By: Jordan Vlaminck
1. Obtain and wear goggles.
2. Prepare an ice-water bath.
4. Prepare a room water bath.
5. Prepare a hot water bath.
6. Prepare the Temperature Probe and Gas Pressure Sensor for data collection.
a.Plug the Gas Pressure Sensor into CH1 and the Temperature Probe into CH2 of the computer interface.
b.Obtain a rubber-stopper assembly with a piece of heavy-wall plastic tubing connected to one of its two valves. Attach the connector at the free end of the plastic tubing to the open stem of the Gas Pressure Sensor with a clockwise turn. Leave its two-way valve on the rubber stopper open (lined up with the valve stem as shown in Figure 2) until Step 9.
c.Insert the rubber-stopper assembly into a 125 mL Erlenmeyer flask. Important: Twist the stopper into the neck of the flask to ensure a tight fit.
d.Close the 2-way valve above the rubber stopper—do this by turning the valve handle so it is perpendicular with the valve stem itself (as shown in Figure 3). The air sample to be studied is now confined in the flask
7. Prepare the computer for data collection by opening the file “07 Pressure-Temperature” from the Chemistry with Computers folder of LoggerPro.
8. Click collect to begin data collection.
9. Collect pressure vs. temperature data for your gas sample:
a.Place the flask into the ice-water bath. Make sure the entire flask is covered (see
Figure 4). Stir.
b.Place the temperature probe into the ice-water bath.
c.When the pressure and temperature readings displayed in the meter stabilize, click keep. You have now saved the first pressure-temperature data pair.
10. Repeat the Step-9 procedure using the room-temperature bath.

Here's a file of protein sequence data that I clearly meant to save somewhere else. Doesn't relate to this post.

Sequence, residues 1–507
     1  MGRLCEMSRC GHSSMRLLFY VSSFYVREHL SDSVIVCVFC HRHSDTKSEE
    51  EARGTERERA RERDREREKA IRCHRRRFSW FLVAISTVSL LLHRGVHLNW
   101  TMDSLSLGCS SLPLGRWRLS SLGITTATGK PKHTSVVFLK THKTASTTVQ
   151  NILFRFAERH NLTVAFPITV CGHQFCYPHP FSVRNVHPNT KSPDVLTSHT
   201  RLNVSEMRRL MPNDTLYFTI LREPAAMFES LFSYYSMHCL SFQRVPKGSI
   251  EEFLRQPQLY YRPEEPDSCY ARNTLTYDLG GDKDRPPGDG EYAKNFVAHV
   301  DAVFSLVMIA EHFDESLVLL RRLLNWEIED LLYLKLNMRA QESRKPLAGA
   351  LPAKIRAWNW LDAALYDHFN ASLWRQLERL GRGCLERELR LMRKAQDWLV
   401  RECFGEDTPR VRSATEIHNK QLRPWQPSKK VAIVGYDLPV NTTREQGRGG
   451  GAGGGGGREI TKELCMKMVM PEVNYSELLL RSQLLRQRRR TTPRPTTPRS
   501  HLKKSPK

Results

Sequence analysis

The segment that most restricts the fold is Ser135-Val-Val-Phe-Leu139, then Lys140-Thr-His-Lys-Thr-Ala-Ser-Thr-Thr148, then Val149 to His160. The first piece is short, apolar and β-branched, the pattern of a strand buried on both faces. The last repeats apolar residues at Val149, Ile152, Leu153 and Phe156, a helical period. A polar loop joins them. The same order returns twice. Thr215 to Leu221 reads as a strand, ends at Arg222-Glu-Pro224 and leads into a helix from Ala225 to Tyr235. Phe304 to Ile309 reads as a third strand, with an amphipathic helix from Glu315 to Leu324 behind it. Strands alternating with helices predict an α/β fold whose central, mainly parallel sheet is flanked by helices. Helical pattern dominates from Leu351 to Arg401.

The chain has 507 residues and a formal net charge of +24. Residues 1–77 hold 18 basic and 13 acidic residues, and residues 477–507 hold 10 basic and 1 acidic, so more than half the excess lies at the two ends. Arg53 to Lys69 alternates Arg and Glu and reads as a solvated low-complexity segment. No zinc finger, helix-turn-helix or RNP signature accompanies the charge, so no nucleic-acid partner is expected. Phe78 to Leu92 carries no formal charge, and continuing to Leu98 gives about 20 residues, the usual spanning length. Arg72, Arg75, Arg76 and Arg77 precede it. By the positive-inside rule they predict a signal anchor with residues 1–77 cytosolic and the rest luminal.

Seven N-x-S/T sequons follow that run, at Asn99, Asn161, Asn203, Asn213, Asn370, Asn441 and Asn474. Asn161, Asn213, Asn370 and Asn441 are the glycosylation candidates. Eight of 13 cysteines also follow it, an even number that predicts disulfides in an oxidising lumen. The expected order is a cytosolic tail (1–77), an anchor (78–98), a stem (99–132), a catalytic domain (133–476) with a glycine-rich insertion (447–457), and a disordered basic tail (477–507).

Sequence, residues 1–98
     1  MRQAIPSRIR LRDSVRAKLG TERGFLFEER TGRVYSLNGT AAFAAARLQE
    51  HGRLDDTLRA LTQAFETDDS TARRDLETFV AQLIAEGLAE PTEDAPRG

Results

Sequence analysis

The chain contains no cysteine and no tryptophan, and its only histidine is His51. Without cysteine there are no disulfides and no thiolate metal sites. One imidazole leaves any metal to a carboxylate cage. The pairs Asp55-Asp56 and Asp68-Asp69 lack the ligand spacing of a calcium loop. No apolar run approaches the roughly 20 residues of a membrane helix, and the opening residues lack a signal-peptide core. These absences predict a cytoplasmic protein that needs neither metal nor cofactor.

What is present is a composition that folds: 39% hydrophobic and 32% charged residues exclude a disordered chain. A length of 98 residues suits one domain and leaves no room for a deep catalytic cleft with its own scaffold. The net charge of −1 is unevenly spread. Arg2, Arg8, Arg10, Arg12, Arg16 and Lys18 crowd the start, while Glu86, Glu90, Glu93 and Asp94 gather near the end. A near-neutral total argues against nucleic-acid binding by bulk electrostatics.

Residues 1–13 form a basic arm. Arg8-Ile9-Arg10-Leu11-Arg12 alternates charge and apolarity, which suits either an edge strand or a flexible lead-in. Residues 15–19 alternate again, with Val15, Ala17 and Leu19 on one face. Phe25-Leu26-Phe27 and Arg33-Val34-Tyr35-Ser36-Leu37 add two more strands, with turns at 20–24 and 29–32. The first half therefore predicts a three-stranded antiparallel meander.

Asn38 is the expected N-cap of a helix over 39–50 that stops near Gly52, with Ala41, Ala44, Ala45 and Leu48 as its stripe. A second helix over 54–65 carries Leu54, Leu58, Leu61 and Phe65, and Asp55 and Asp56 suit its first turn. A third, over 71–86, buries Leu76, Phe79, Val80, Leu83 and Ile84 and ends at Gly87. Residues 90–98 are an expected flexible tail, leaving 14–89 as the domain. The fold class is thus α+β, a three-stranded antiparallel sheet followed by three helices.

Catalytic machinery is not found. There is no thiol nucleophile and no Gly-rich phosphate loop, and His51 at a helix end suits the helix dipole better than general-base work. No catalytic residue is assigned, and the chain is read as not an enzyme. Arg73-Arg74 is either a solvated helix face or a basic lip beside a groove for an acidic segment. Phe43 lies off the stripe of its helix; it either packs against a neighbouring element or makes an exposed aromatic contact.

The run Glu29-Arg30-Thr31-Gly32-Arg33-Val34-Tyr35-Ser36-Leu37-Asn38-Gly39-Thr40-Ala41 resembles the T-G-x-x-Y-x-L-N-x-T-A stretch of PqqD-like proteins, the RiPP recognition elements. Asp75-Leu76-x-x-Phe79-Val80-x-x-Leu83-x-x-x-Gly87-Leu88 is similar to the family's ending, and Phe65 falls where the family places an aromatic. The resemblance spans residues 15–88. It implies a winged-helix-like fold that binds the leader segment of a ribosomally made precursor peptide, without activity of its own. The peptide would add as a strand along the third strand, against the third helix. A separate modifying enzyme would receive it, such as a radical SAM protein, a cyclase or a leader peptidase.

11. Repeat the Step-9 procedure using the hot-water bath.
12. Click stop when you have finished collecting data. Turn off the hot plate. Record the pressure and temperature values in your data table, or, if directed by your instructor, print a copy of the table.
13. Examine your graph of pressure vs. temperature (°C). In order to determine if the relationship between pressure and temperature is direct or inverse, you must use an absolute temperature scale; that is, a temperature scale whose 0° point corresponds to absolute zero. We will use the Kelvin absolute temperature scale. Instead of manually adding 273 to each of the Celsius temperatures to obtain Kelvin values, you can create a new data column for Kelvin temperature.
a.Choose New Calculated Column from the Data menu.
b.Enter “Temp Kelvin” as the Name, “T Kelvin” as the Short Name, and “K” as the Unit. Enter the correct formula for the column into the Equation edit box. Type in “273+”. Then select “Temperature” from the Variables list. In the Equation edit box, you should now see displayed: 273+“Temperature”. Click done.
c. Click on the horizontal axis label and select “Temp Kelvin” to be displayed on the horizontal axis.
14. Decide if your graph of pressure vs. temperature (K) represents a direct or inverse relationship:
a.Click the Curve Fit button.
b.Choose your mathematical relationship from the list at the lower left. If you think the relationship is linear (or direct), use Linear. If you think the relationship represents a power, use Power. Click try fit.
c.A best-fit curve will be displayed on the graph. If you made the correct choice, the curve should match up well with the points. If the curve does not match up well, try a different mathematical function and click try fit again. When the curve has a good fit with the data points, then click ok.
d.Autoscale both axes from zero by double-clicking in the center of the graph to view Graph Options. Click the Axis Options tab, and select Autoscale from 0 for both axes.
15. Print a copy of the graph of pressure vs. temperature (K). The regression line should still be displayed on the graph. Enter your name(s) and the number of copies you want to print.
temp(C): 11---- 20.4 -------- 45.5
temp(K): 284.048-- 293.376------- 318.546
constant K: 0.322------- 0.32---------- 0.314